Trump lawyer Todd Blanche's cross-examination of Cohen sometimes seemed to meander, but on Monday he appeared to land another blow in his effort to undermine the witness's credibility.

Blanche pressed Cohen about how he lied to Trump Organization Chief Financial Officer Allen Weisselberg about how much was owed to a third party when Cohen felt shortchanged on his bonus.

Cohen admitted giving Weisselberg the wrong number.

“You stole from the Trump Organization, right?” Blanche said.

“Yes, sir,” Cohen replied.

Cohen said felt he was owed money after his bonus was cut by two-thirds and embittered after he went out on a limb for Trump, personally and financially. “It was very upsetting, to say the least,” Cohen said of the slashed bonus.

Prosecutors work to restore Cohen’s credibility 

Prosecutors used their re-direct examination to try to restore some of Cohen's credibility and offer long explanations to answers he gave under Blanche's questioning.

Cohen repeated his testimony about Trump's role in the hush money scheme, saying he had “no doubt” that he discussed the matter with him. Trump told him to “work it out” with Weisselberg, he said, and he reiterated that he wouldn't have paid Daniels without such an assurance.

The district attorney’s office tried to end it on a personal note.

But the stakes for Cohen today are nowhere as close, he said, suggesting there is no need for him to lie. “My life was on the line, my liberty,” Cohen said, as was his wife’s. “Here, I’m just a nonparty witness.”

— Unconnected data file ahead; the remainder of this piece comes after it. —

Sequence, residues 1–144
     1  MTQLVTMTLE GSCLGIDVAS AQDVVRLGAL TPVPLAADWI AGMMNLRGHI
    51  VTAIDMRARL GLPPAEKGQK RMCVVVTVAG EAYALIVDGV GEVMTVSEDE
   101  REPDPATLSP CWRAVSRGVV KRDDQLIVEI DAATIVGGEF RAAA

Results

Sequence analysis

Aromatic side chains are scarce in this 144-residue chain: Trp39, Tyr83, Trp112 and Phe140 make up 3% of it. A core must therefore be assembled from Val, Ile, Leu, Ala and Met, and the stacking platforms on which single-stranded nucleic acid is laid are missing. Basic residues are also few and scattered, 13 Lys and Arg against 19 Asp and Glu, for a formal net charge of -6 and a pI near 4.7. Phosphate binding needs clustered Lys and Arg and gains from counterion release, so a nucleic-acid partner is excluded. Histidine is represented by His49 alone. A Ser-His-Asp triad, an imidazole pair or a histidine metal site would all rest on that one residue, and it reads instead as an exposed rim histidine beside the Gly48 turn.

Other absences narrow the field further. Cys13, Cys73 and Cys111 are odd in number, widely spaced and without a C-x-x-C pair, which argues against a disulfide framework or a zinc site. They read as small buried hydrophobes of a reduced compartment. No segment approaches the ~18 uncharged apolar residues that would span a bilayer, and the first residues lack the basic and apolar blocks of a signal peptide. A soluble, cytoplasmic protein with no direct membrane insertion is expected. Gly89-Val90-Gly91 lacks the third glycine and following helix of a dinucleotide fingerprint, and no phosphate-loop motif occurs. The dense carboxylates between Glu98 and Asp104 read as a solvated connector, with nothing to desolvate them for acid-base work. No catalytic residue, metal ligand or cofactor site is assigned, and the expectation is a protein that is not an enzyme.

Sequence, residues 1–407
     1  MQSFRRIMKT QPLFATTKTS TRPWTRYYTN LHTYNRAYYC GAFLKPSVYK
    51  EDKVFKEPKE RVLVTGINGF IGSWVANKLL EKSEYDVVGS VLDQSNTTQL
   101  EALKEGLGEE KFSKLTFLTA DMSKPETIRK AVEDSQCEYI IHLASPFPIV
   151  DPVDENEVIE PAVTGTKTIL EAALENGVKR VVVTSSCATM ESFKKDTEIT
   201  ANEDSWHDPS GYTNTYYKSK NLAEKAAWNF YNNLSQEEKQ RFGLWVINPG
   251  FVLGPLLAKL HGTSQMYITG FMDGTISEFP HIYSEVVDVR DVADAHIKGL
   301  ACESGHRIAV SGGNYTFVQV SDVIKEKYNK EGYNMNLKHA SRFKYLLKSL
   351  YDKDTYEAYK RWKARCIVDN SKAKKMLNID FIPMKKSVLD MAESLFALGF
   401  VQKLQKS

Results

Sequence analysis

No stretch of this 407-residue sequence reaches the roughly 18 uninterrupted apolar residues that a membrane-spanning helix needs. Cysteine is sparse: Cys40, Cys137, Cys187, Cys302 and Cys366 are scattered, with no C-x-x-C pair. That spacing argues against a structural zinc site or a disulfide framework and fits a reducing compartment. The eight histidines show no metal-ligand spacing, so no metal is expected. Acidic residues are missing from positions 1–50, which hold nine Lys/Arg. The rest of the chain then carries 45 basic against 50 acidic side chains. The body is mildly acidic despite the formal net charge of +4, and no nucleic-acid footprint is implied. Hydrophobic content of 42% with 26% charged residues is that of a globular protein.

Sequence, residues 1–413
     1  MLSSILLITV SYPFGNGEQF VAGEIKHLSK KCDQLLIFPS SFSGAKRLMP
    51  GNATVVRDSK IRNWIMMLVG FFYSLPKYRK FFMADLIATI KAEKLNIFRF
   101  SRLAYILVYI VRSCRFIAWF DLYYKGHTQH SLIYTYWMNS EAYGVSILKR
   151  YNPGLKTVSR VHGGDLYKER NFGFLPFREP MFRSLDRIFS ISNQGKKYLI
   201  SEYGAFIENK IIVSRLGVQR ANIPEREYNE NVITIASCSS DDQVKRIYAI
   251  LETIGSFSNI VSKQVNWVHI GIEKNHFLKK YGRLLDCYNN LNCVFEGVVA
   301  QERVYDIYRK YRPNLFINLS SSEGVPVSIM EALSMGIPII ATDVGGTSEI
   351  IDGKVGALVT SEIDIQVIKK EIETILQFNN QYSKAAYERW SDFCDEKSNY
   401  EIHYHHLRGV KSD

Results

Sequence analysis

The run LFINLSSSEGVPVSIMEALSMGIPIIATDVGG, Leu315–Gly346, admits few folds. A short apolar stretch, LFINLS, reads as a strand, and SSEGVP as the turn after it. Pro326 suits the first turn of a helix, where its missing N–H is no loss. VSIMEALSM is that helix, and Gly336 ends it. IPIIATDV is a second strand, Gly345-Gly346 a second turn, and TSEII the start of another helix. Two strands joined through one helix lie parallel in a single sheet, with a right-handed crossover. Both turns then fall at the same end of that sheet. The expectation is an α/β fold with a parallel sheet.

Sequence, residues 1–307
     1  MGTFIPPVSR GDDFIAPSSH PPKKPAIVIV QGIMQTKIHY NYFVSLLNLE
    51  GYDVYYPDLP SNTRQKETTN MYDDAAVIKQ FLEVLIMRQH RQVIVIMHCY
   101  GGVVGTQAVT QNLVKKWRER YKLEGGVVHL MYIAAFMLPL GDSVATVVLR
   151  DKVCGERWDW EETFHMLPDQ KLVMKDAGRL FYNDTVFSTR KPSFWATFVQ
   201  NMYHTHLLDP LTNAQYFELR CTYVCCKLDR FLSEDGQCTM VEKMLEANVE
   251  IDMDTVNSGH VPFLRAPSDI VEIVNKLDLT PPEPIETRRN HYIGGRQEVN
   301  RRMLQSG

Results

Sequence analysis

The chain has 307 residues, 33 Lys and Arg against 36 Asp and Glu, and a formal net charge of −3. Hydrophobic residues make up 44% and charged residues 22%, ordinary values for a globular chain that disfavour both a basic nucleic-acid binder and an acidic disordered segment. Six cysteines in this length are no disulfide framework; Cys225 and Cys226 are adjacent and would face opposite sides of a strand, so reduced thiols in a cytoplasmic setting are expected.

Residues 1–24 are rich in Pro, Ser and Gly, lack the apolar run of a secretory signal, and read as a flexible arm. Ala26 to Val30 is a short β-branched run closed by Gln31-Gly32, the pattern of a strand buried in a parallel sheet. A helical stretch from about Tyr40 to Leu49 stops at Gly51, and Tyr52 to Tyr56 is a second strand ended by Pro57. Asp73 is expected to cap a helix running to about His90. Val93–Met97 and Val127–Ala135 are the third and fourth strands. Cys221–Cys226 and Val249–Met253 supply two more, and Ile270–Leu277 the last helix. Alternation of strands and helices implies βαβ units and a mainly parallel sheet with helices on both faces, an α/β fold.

Scheduling confusion 

The schedule was in tumult at times Monday. When trial proceedings wrapped last week, Merchan told the lawyers to be prepared to deliver closing arguments Tuesday. But before testimony even resumed Monday morning, the end of the trial had already been delayed by another week.

That’s because it wasn’t clear whether witness testimony was going to be finished by the end of the day Monday and whether there would be enough time for closing arguments, jury instructions and then deliberations to begin before the long holiday weekend. So Merchan decided to let witness testimony conclude this week and then take off for the holiday.

Then, another twist was added when the defense and the prosecution argued over entering a photo from a C-SPAN video. To be able to enter the photo, the prosecution asked to bring in another witness, requesting to do so Tuesday morning. But Trump’s lawyers objected, saying they had two witnesses waiting and wanted to conclude by the end of the day. Eventually, they reached an agreement. But Costello's testimony — lengthened by the courtroom clearing — wasn't over by the end of the day, requiring all parties to return Tuesday morning.

As it looks now, Merchan and lawyers will meet Thursday to discuss jury instructions. The trial will take Friday and Monday off for Memorial Day, and closing arguments will be next week.

This article was originally published on NBCNews.com